Celebrating the strength and resilience of women in the Tina catchment on International Day of Rural Women
On October 15, International Day of Rural Women is being recognised around the world bringing attention to the unique challenges faced by women in rural communities. Issues such as limited access to education, healthcare, and economic opportunities are widespread and are often compounded by environmental and cultural factors that can prevent rural women from fully participating in social, political, and economic systems.
For women living in the Tina River Hydropower Development Project (TRHDP) catchment, they also face challenges which can hinder their ability to pursue viable livelihood options. Some of these include a lack of skills and training opportunities, access to limited infrastructure and basic services such as transportation, electricity and water. Despite this, these women continue to demonstrate remarkable strength and resilience in their daily lives. They play vital roles in their communities, serving as caretakers, farmers, and entrepreneurs. As the pendulum starts to swing through hard work and determination, these rural women are willingly taking part in opportunities provided by the Project to help build a better future for themselves, their families, and their communities.
For the past 3 years, the renewable energy project has been committed to promoting gender equity and empowering women living in the Tina catchment through its Gender Action Plan (GAP). Its ongoing implementation has not only provided unprecedented opportunities for these women but helped to raise awareness about gender equality and challenging social norms through community engagement.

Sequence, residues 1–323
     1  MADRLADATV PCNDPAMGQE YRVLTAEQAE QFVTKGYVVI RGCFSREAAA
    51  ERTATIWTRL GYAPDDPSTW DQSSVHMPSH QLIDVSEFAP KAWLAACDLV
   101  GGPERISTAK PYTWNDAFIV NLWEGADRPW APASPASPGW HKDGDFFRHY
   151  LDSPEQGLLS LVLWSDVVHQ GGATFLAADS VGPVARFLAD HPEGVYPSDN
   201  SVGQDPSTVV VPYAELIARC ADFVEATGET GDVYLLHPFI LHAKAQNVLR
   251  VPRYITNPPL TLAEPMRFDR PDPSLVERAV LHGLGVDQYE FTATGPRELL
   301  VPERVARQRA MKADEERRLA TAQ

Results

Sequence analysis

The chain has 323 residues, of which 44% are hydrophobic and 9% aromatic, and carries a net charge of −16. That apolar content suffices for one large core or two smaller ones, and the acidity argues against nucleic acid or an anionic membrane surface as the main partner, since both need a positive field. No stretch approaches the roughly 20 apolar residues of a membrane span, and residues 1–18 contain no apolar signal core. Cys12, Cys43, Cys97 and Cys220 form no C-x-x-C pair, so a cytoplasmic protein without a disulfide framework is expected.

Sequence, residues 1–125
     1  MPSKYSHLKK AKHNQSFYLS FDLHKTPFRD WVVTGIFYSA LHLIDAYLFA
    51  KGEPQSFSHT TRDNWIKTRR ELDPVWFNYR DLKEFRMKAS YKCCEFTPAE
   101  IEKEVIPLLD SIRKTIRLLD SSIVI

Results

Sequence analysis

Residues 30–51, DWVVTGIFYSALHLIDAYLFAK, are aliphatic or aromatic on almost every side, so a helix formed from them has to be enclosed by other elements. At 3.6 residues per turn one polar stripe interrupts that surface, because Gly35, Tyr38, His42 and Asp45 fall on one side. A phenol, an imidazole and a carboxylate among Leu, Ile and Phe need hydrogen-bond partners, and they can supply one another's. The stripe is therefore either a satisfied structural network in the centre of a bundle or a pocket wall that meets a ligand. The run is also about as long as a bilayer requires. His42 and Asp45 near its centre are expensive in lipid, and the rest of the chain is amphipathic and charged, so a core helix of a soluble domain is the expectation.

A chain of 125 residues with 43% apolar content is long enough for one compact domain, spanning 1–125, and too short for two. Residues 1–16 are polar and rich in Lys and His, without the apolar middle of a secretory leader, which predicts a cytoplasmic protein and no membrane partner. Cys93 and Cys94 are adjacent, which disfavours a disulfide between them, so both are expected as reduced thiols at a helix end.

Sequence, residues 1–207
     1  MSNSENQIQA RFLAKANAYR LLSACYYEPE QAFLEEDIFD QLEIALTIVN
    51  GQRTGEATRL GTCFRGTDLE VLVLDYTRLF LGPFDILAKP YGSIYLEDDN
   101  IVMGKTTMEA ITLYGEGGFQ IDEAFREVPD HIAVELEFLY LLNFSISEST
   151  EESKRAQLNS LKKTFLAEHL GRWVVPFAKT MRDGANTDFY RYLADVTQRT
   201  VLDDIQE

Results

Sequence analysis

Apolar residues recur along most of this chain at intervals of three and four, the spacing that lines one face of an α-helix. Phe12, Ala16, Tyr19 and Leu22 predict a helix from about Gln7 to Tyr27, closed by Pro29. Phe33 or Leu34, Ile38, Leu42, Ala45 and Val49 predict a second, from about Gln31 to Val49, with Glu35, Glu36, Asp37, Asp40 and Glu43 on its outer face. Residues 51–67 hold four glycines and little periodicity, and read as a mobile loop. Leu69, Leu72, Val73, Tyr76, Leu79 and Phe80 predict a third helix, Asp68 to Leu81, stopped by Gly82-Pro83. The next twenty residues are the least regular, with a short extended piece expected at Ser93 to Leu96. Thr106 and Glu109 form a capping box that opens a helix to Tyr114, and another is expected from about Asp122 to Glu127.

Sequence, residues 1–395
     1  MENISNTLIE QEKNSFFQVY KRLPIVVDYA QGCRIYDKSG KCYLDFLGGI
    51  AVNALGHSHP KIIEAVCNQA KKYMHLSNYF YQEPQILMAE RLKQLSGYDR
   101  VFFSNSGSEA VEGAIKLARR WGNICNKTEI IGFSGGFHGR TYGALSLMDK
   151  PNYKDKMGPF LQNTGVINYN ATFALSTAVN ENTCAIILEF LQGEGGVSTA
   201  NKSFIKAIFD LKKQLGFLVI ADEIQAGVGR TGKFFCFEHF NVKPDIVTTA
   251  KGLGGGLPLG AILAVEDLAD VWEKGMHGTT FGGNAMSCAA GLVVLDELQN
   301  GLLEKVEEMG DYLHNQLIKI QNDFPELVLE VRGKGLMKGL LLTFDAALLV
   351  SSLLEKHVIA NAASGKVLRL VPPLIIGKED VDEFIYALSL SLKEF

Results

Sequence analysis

Even though the problems are deep rooted and difficult to diffuse, many GAP initiatives have already successfully taken place and more are being planned for 2024. Past programs such as targeted training and capacity-building to enhance women’s skills and knowledge in various sectors such as small business entrepreneurship, financial management and life-skills training have been attended by over 100 rural women in the past 3 years. Women groups have been established and meet regularly with the support of a Gender Liaison Officer from the Project Office team to help facilitate promoting women’s participation and representation in local decision-making processes; empowering them to have a voice in their communities. All of these activities by GAP have and will continue to provide a platform for rural women to become a part of the solution, building strength and resilience and inspiring future generations.
The Tina River Hydropower Development Project is being implemented by the Solomon Islands Government (SIG) with financing and support from the Abu Dhabi Fund for Development, the Asian Development Bank, the Government of Australia, the Green Climate Fund, Korea EX-IM Economic Development Cooperation Fund, and the World Bank. The GAP initiative is a positive example of a SIG investment that is responding to local women’s needs and helps stimulate rural economic development.